Managing and Measuring Flow
What is flow?
In the project management context, flow is how an item, information, or piece of work, moves through a business process. It’s the way it navigates various departments or moves across the production floor. It is not so much the repeatable route work takes, but the one time experience of an item traveling through the process. Does an item move through all departments unencumbered, or does it suffer interruptions along the way?
A common manifestation of this phenomenon is the frustrating starting and stopping work on an engaging task several times a day. This can be exhausting! The frustration stems directly from people having their flow interrupted.
The first Kanban principle, visualizing the workflow, shows how an item moves through a process. The second principle, limiting work in progress, ensures that team members are not slowing down the process, nor creating waste. Managing and measuring the flow is the act of analyzing exactly how smoothly these two principles are impacting your organization, and looking at ways to improve them.
How is flow measured?
During these short meetings, your team members view the Kanban board and observe how work moves from one stage to another - they analyze flow. It helps the team notice how long it takes for an item to move from one column to another, to check if similar items take a similar time to get done, or by how much it varies. Once you pay attention to whether items pause, or get stuck in certain areas longer than others, and why - you can start thinking of what can be done to change that?
A fundamental truth about flow is that it’s not how fast an item moves through to a particular point, but how smoothly it moves from start to finish, that counts. Just like with rush hour traffic - it’s not important how fast your car travels over a short portion of the journey, what counts is your average speed over the length of the route. The more items flow stably across the process, the more predictable your results will become. And the better you can deliver on promises to your clients, the happier they will be.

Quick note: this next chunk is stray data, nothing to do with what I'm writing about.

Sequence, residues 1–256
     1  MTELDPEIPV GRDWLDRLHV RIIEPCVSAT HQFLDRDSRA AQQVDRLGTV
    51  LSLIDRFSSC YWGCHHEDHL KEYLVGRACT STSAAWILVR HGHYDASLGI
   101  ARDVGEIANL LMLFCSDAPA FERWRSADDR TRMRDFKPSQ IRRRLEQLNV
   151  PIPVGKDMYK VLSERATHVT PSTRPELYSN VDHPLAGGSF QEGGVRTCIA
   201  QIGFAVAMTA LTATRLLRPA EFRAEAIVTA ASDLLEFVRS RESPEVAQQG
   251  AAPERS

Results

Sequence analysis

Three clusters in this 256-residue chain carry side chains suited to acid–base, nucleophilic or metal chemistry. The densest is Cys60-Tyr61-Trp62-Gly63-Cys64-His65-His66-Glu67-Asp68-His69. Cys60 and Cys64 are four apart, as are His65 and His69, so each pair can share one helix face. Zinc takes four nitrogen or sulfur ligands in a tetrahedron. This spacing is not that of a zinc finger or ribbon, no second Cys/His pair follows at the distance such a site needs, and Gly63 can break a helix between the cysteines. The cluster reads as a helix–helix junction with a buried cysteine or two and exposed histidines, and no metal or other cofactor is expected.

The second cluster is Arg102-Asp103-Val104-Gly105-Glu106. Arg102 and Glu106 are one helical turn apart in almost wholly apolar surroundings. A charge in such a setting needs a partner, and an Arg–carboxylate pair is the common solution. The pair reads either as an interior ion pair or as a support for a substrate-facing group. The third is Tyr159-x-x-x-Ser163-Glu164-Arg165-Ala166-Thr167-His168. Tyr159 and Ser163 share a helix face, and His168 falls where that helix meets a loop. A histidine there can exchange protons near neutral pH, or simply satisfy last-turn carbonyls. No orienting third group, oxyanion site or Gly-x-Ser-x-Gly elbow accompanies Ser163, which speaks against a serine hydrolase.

The focus of a dedicated Kanban stand-up session is the “anybody blocked” question - followed by “how can we help you?”. In other words, team members are looking for ways to improve flow. It ensures that everyone comes up with ideas and that you leverage the team’s collective brainpower, building unity, and a sense of empowerment within your organization.
This metric shows us the quantity of work in progress at each stage in the system. The smoothness of the CFD expresses how evenly and predictably your company operates. You should pay attention to how many items are blocked, and how quickly these bottlenecks are being resolved. What’s the length of time that it takes for items to move from one side to another - and, on average, are these times decreasing? Measuring and managing flow is done to decrease overall production time and to decrease variation, so that outcome predictability and performance are improved.
Lead & Cycle Time
It concentrates on a comparison between the time items spend in the process on a whole - the lead time, to the time they are actively being worked on - cycle time. Measurement of these 2 informs you of the process throughput: the time it takes to produce results.
Resolving bad practices
Example Imagine a memo arriving from a CEO’s office for a specific item in the process to be expedited, as it’s a critically important request from an important client, saying it needs doing ASAP and at whatever cost. The problem is, that there is often no measurement of the cost this exercise will have for the company. Measuring flow will highlight the impact of such proceeding, and show the knock-on effect. Leaders and the team will be able to see how other items get halted, and how much longer they will take to get completed because time was taken out to focus on the CEO’s pet project. Being able to show the CEO this data could prevent them from “expediting issues” in the future.
Engaging in flow management will increase your chances of improving the overall process, instead of fire-fighting at the cost of skewing the entire operation. It will also mature your process and help you understand that it is of less importance whether a project is “on-time”, or if a specific plan has been followed. What matters more, is that the entire system is predictable and functioning as intended. That will let you focus on being a flexible and Agile company with clear goals. One, that is continuously improving and where your employees experience joy in their work.